C Interfaces and Implementations describes how to use interface-based design in the C programming language, and it illustrates this approach by describing 24 interfaces and their implementations in detail. The source code in the book is interleaved with its explanation in an order that best suits understanding the code.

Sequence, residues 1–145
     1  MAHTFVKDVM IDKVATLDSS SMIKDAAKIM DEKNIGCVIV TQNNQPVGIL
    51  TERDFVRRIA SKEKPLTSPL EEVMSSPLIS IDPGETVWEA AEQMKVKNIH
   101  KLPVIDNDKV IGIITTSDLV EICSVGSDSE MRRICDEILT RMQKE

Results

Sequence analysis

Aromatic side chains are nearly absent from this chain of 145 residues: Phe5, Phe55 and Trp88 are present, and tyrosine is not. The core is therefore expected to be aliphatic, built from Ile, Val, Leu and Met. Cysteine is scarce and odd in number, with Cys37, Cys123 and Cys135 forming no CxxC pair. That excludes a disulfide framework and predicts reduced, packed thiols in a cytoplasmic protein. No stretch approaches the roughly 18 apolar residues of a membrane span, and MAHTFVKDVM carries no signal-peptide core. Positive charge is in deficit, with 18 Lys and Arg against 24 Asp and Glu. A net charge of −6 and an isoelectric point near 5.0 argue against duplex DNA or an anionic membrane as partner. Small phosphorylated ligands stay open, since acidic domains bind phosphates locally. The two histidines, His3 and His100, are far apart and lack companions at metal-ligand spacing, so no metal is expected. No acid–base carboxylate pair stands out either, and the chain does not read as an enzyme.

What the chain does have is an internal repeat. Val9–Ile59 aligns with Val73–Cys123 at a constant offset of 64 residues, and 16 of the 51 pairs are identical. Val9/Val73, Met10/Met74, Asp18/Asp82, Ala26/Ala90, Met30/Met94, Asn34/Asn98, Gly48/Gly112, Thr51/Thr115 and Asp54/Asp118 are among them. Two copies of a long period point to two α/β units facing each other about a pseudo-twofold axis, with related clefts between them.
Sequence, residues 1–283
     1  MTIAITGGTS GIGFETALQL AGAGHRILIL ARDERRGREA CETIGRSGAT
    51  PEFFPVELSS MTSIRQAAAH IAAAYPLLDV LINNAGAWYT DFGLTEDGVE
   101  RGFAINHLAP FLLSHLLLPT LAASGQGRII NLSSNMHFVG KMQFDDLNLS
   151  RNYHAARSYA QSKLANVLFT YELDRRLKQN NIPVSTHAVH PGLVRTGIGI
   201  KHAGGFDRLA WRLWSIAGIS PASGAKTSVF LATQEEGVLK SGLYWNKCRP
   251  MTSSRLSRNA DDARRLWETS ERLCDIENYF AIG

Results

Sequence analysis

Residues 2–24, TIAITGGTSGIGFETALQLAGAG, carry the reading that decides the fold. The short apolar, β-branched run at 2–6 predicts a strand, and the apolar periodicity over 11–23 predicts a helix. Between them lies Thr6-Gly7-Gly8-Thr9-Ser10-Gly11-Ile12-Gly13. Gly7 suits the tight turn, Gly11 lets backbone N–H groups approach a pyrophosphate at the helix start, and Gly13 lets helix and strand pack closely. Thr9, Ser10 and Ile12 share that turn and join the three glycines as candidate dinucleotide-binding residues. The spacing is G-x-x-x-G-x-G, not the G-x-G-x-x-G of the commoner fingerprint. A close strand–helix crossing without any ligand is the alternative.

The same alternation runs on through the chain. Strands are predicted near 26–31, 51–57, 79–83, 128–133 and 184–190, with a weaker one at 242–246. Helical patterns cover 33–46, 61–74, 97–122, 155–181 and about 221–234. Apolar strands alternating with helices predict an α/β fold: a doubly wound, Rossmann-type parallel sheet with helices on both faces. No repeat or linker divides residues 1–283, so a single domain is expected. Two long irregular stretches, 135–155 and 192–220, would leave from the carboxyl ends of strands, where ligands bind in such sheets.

An Introduction to Programming by the Inventor of C++ Preparation for Programming in the Real World The book assumes that you aim eventually to write non-trivial programs, whether for work in software development or in some other technical field. Focus on Fundamental Concepts and Techniques The book explains fundamental concepts and techniques in greater depth than traditional introductions. This approach will give you a solid foundation for writing useful, correct, maintainable, and efficient code. Programming with Today's C++ (C++11 and C++14) The book is an introduction to programming in general, including object-oriented programming and generic programming. It is also a solid introduction to the C++ programming language, one of the most widely used languages for real-world software. The book presents modern C++ programming techniques from the start, introducing the C++ standard library and C++11 and C++14 features to simplify programming tasks. For Beginners—And Anyone Who Wants to Learn Something New The book is primarily designed for people who have never programmed before, and it has been tested with many thousands of first-year university students. It has also been extensively used for self-study. Also, practitioners and advanced students have gained new insight and guidance by seeing how a master approaches the elements of his art. Provides a Broad View The first half of the book covers a wide range of essential concepts, design and programming techniques, language features, and libraries. Those will enable you to write programs involving input, output, computation, and simple graphics. The second half explores more specialized topics (such as text processing, testing, and the C programming language) and provides abundant reference material. Source code and support supplements are available from the author's website.